The lights are on
In issue #238 of Game Informer, we celebrated Mega Man's Anniversary, which turned 25 last December. Here is a full reprinting of that article.
Fresh-faced Capcom employee Keiji Inafune was just finishing up his work on character art for the company’s fledgling fighter, Street Fighter, when he was asked to help create something new. The game would combine a radical weapon-stealing system, rock-paper-scissors strategy, and challenging-yet-rewarding platforming. It just needed a hero to bring the whole thing to life. Inafune and the rest of his team at Capcom didn’t know it at the time, but their hard work on the 1987 Nintendo title, Mega Man, would begin one of gaming’s most beloved franchises.
Born to Rock
Originally released as Rock Man in Japan, Mega Man is about a little blue robot’s quest to stop the evil doings of a mad scientist named Dr. Wily. Saving mankind involves destroying six Robot Masters that possess powers varying from fireballs to metal-sheering scissors. In a clever twist, Mega Man could steal his fallen foes’ powers to turn the tables. Fighting Fire Man armed with only your Mega Buster is a difficult task, which makes figuring out that he’s weak against Ice Man’s ability all the more satisfying. Cracking the ideal boss battle order is a unique experience to the Mega Man series, and something Capcom nailed right out of the gate.
Despite its progressive game design, the first Mega Man was met with lukewarm sales. Keiji Inafune attributes the poor reception to the game’s notoriously awful box art. The game did earn enough money for Capcom to release Mega Man 2. The sequel released one year later, and improved the winning formula on multiple fronts. Stage tunes are catchier, enemies are larger and more colorful, and the levels are even more varied. In one stage Mega Man plummets through a sci-fi fortress while dodging instant-death lasers, and in another he battles robotic apes in forest treetops. Mega Man 2 establishes the classic series’ charming Saturday morning cartoon vibe, something that entranced gamers of the time.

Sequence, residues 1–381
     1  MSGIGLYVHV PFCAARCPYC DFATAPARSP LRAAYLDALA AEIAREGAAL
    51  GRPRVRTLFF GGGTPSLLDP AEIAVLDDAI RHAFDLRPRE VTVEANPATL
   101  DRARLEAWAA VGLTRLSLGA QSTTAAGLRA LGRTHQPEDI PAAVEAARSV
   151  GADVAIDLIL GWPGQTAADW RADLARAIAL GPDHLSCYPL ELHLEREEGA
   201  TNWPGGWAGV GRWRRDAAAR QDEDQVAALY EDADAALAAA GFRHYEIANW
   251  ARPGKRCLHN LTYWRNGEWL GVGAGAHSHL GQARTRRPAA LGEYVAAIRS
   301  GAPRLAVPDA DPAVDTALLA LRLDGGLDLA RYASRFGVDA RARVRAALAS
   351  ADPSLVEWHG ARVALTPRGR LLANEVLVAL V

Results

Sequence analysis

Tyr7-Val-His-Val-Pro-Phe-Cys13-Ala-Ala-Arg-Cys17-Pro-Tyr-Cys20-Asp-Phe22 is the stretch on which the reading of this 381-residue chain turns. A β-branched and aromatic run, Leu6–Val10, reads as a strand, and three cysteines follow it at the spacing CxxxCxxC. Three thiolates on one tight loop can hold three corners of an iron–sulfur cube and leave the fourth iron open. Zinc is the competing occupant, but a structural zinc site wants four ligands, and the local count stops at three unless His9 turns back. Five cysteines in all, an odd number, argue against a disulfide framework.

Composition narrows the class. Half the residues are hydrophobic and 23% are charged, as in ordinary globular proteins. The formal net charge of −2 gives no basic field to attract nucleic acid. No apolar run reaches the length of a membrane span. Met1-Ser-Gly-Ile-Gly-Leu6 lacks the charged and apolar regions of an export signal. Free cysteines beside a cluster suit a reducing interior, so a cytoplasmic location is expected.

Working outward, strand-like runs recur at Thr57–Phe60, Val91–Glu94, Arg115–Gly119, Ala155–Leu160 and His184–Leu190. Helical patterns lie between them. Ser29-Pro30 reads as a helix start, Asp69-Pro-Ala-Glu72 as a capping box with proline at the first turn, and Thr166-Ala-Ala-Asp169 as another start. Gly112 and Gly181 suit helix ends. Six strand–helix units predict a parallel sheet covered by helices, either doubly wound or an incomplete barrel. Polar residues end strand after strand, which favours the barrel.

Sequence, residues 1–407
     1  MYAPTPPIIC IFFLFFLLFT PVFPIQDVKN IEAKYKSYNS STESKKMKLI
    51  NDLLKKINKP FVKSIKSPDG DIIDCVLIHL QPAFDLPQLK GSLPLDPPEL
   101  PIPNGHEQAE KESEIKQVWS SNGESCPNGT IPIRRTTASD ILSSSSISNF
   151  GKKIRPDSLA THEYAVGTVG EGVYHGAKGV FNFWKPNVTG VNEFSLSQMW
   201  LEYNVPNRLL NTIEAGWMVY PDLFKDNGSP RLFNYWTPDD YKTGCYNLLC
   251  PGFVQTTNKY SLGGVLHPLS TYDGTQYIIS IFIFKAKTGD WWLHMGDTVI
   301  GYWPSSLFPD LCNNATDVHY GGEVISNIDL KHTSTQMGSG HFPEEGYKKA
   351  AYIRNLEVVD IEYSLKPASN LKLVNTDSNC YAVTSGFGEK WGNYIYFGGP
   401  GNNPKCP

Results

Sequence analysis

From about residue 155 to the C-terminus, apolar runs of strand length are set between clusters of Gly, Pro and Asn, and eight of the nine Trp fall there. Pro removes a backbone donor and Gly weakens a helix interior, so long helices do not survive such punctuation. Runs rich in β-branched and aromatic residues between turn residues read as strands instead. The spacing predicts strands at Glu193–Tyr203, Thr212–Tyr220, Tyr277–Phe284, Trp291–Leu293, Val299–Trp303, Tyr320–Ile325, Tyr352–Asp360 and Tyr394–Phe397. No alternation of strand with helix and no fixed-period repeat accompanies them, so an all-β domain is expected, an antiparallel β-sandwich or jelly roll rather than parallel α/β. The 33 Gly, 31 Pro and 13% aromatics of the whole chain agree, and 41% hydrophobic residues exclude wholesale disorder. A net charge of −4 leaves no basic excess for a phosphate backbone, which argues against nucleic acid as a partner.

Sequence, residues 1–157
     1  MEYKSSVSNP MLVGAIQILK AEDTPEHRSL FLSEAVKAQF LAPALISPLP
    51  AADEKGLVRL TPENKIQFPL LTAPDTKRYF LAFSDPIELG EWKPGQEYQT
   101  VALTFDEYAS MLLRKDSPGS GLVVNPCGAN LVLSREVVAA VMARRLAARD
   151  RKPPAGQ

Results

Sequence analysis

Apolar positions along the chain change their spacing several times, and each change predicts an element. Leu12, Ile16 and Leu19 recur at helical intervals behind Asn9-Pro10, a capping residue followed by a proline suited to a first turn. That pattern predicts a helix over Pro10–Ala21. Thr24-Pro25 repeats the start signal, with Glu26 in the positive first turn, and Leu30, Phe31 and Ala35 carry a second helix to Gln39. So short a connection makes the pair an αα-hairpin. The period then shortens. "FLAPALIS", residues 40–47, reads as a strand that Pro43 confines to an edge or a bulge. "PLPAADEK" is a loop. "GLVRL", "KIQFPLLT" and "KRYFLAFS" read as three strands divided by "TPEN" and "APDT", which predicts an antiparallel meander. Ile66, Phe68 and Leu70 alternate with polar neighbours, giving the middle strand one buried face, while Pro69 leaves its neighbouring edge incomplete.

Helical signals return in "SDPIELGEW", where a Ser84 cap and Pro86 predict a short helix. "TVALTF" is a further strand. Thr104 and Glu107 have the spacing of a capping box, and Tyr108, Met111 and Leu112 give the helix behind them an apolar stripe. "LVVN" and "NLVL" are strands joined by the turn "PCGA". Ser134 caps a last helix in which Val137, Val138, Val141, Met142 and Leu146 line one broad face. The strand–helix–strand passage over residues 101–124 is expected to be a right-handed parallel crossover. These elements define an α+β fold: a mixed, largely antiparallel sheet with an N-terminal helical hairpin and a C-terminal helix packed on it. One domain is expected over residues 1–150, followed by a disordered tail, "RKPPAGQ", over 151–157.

Mega Man 2’s success paved the way for four more NES sequels, three of which released after the Super Nintendo’s 1991 launch. The Mega Man series was still profitable enough for Capcom to keep making new adventures for the Blue Bomber on a last-gen console. While the core formula and visuals remained largely the same, the successive titles introduced game-changing features like a charged Mega Buster shot, slide ability, and a transforming robo-pooch named Rush. Five more classic-style Mega Man games hit the original Game Boy. These portable entries nearly matched the quality of their NES brethren, despite the monochromatic color scheme and zoomed-in camera.
Like any ‘80s video game worth its salt, the demand for more Mega Man prompted brand expansion. Mega Man joined the ranks of Simon Belmont and Pit on Captain N the Game Master, and eventually earned his own cartoon series. Fearing the heroic robot’s Japanese anime-style design would be too cutesy to gain traction in America, Mega Man made the characters taller, meaner, and pumped them up with muscles. Bandai also released a line of action figures for kids to dream up their own battles between Mega and Wily.
While the official war against Dr. Wily raged on via the NES and Game Boy in the early ‘90s, one of Dr. Light’s other creations was fighting a new battle. Mega Man X released on the SNES in 1993 and became a hit. The series reboot set a high water mark for 8-bit franchises making the move onto 16-bit consoles. The game evolved the series’ power-stealing gameplay with upgradeable armor, a slick wall jump, and a darker story. Years after the collapse of civilization due to an uprising of renegade robots called Mavericks, Mega Man X is activated to clean up the mess. A mysterious red robot with long blonde hair and an energy sword eventually teams up with X. Zero became an instant fan-favorite, and eventually becomes playable in later SNES and PlayStation sequels.
Next, read about Mega Man's post 16-bit adventures